The K21 is just a stone’s throw and a few puddles from here, in the Ständehaus. Placed idyllically in a small park with a pond, the building sports a huge glass dome that houses “in orbit”, a walk-in net installation by Tomás Saraceno. Unfortunately, I haven’t brought any trekking shoes and am only allowed to look at this piece of art from the outside. I would recommend that to anyone who isn’t entirely free from vertigo, too. 25 meters above the safe ground, an organic construct made of safety nets and huge PVC balls winds its way across several levels. In addition to the installation, the K21 also features contemporary art by artists such as Ai Weiwei, Wolfgang Tillmans, and Simone Nieweg. A sound installation by Chemnitz artist Carsten Nicolai is particularly fascinating for me, with a black and white grid pattern that literally seems to dance through the sounds in the room.
The old town’s K20 is the second building of the North Rhine-Westphalia Art Collection. As the name suggests, it houses works from the 20th century. Gerhard Richter, Man Ray, Max Ernst, Marc Rothko, Andy Warhol, Roy Lichtenstein, Helen Frankenthaler, and Carmen Herrera are just a of the few names found in this extensive collection. I really love it when museums mix up artists and styles to place them in new contexts. There is nothing more inspiring to me. The paintings of artist Etel Adnan, whose colours I find particularly fascinating, are probably the ones that hold my attention the longest.
Eventually, my stomach demands attention and I return to the Schlossplatz, where Restaurant Schwan’s persuasive chef talks me into trying a vegan meatball with carrot-potato vegetables and arugula oil. As it turns out, that’s exactly what I needed after such a long day: It’s pleasure food for the soul. I’d love to have this sensationally nutty arugula oil by the gallon to go, please, too!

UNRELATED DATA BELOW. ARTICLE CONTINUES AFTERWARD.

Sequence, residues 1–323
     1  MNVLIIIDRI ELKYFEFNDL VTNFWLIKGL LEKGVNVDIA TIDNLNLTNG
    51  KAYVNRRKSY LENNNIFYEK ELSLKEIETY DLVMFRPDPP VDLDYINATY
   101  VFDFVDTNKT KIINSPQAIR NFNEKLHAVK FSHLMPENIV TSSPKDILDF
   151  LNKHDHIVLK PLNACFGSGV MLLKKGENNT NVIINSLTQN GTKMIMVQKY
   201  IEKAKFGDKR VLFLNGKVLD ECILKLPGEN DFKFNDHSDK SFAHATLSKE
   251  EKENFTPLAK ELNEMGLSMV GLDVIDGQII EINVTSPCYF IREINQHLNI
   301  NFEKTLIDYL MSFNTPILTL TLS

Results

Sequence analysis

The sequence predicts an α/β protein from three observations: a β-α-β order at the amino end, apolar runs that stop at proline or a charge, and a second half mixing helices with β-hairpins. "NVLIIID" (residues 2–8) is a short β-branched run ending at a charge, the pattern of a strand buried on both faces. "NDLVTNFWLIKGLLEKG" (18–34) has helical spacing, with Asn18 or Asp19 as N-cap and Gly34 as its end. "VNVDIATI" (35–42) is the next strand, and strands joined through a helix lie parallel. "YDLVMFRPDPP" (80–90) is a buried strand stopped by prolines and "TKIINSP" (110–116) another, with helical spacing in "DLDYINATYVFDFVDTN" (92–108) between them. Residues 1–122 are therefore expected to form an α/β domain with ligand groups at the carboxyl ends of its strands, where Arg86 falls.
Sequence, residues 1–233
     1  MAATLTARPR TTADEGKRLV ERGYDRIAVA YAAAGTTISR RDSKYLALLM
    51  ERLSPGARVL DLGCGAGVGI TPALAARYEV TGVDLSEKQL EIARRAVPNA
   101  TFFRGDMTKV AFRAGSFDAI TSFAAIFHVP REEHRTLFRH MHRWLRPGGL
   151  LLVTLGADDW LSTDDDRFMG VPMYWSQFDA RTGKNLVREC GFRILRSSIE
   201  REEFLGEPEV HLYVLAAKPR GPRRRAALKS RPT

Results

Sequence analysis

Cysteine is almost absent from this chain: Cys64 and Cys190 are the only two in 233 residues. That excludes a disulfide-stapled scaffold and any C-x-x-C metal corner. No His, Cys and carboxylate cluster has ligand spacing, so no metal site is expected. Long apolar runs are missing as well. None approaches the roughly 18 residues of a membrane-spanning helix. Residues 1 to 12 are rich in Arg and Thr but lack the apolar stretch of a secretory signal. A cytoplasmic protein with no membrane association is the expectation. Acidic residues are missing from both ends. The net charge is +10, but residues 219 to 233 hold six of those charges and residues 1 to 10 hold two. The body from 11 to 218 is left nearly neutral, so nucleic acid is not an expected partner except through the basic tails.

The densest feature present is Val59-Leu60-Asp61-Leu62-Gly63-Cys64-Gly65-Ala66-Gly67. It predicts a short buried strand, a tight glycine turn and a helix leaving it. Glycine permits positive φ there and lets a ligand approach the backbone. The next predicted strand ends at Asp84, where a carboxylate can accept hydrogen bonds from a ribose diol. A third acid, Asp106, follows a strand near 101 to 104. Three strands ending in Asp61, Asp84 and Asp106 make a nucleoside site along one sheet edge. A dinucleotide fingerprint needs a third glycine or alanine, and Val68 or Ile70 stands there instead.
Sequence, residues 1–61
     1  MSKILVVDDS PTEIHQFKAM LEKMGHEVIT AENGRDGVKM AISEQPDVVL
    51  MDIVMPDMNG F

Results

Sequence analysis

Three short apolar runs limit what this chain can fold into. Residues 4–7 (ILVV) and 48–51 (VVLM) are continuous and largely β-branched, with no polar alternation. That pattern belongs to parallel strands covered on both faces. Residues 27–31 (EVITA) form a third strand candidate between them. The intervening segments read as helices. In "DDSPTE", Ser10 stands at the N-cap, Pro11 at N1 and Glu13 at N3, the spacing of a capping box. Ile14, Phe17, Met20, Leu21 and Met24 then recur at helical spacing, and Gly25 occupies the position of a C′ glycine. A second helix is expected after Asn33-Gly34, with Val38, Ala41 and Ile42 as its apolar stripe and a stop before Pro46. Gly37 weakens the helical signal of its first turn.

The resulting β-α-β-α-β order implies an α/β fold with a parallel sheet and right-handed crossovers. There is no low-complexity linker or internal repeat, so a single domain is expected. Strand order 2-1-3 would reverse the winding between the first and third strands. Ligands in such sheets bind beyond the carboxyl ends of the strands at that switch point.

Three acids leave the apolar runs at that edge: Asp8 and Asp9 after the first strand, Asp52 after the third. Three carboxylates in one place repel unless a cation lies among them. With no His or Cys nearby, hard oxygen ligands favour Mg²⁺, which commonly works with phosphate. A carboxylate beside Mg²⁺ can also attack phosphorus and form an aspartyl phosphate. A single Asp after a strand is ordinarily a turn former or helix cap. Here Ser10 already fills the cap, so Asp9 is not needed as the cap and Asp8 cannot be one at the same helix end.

My last morning keeps me near the hotel, in Düsseldorf’s creative district of Flingern that is known for its cosy cafés and cool shops off the beaten track. Following a brief detour for an apple-cinnamon bun at Bäckerei Bulle, I let myself drift along the popular Ackerstraße, where the shops keep outdoing each other in their beauty. The “Aest. Conceptstore” that carries mainly young brands from Copenhagen and Paris gives me the opportunity for a brief chat with owner Katharina Meerkamp, who has some wonderful advice for me. “The Golden Rabbit”, a store just for fancy gardening items is just a few doors down the street from there. I spend some more time browsing the colourful stationery at “Rikiki” before enjoying a break with coffee and cake at “Café Hüftgold”. The name is the game here, as the range tempts me to eat as much as I can. Still, I do need to leave a little room in my stomach since I still plan to eat my way through Japan this evening.
“Little Tokyo” is located around Immermannstraße. It’s Europe’s third-largest Japanese community. Apart from innumerable Japanese restaurants, it is teeming with specialised shops for Japanese porcelain, Manga comic stores, and tea shops. I join the “Sushi, Sake, and Japanese Lifestyle” tour that teaches me plenty about the history of the Japanese in Düsseldorf and their culture. We try Melon Pan, Onigiri, and, of course, Japanese rice wine. We visit the famous Hotel Nikko and a Japanese supermarket. For about two hours I feel that I have been spirited away across the world even though I have never left Düsseldorf. By the time we are done, the sun has finally come out and I can stroll down the Rhine promenade one last time while enjoying a mochi, a sweet from the Japanese supermarket. Japan can be found on the Rhine, at least in Düsseldorf.
Author: Nina Hüpen-Bestendonk – City trip, long-distance travel, or short trip: Nina Hüpen-Bestendonk just loves taking pictures. Hailing from the Lower Rhine region, she has 30 cameras to help her record her journeys on her online blog Smaracuja in pictures, texts, and small illustrations.